February 28, 2013 – Demand for gold remains strong in India, the world’s largest consumer of the precious metal after the Indian government declined to raise the import tax. The government had been expected to raise the import tax further, reported Bloomberg.

In 2012, India tripled the import tax on gold, bringing it to six percent, in an effort to curb its citizens’ appetite for the precious metal and slow the outflow of money from the country.

An Indian trade federation of gold traders, retailers, and exporters had anticipated that the import tax would be increased to eight percent.

Bachhraj Bamalwa, the federation’s chairman, reported that maintaining the tax “status quo” was a healthy sign for the industry and will attract new buyers to gold.

With an international gold market looking like it will be bearish in the short term, and taxes not increasing as expected, analysts project that the demand for gold from the world’s largest consumer will rebind.

In January 2012, India’s import taxes on gold were just two percent. After the tax was tripled, overseas purchases dropped a dramatic 11 percent, from a record high in 2011, according to the World Gold Council.

In February, India’s gold imports dropped by 50 percent from their January levels, decreasing to 40 tons.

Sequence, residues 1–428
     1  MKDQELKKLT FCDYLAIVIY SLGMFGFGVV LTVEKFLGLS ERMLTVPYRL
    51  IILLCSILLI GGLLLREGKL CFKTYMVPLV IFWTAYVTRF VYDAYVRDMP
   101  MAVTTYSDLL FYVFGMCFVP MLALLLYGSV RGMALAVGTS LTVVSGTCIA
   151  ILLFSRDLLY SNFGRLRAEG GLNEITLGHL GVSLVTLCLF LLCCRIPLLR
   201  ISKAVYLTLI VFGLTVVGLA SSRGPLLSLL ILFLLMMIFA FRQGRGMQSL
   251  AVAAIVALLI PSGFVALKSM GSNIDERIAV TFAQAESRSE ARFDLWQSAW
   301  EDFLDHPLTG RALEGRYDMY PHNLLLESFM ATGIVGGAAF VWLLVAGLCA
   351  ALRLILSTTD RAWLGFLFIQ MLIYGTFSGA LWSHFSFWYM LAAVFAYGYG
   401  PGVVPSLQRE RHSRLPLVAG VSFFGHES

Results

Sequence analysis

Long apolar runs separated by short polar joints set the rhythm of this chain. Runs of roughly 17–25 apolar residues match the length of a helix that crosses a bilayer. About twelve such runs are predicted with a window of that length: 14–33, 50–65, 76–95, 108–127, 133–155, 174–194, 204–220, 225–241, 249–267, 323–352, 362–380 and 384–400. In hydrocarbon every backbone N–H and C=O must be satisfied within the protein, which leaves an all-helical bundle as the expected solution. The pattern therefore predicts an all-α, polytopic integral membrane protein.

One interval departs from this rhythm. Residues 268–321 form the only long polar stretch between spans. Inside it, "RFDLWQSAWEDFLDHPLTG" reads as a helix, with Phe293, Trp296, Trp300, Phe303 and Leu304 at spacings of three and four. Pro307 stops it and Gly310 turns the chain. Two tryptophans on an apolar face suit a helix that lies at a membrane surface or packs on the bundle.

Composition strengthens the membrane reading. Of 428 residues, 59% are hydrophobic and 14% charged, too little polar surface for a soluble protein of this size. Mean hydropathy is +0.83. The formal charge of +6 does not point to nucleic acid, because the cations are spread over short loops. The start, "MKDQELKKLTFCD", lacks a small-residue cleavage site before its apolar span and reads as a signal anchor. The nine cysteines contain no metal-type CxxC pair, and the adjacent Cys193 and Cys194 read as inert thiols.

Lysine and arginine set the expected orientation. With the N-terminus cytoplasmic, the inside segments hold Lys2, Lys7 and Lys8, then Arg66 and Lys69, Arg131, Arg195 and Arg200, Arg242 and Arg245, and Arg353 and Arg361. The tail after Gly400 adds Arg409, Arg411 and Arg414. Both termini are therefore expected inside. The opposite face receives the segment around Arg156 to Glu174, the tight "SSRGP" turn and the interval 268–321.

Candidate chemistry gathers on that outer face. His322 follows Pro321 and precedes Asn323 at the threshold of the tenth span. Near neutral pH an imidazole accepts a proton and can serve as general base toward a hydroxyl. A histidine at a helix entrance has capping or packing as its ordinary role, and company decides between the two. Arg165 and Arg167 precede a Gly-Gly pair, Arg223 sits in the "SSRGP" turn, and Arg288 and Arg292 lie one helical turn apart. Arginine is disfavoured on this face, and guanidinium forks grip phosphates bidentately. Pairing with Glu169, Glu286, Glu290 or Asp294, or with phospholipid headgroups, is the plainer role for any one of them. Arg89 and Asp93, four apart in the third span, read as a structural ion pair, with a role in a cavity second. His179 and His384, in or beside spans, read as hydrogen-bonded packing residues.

“Gold prices have eased in the overseas market, making gold available at the cheaper rate on domestic bourses,” said Badruddin Khan, vice president at Indiabulls Commodities Pvt. Ltd. “Raising import duty in the current scenario may not have been a good idea to control the demand.”

The government also announced its decision to introduce inflation-linked bonds and certificates, which may make investments in gold less attractive and curb imports for investments, said Khan.

“If the duties were raised further imports would have become unviable,” said Rajesh Mehta, chairman of Rajesh Exports Ltd. (RJEX), India’s biggest gold jewelry exporter. “Demand has been improving because of a price fall and this will give it a further boost.”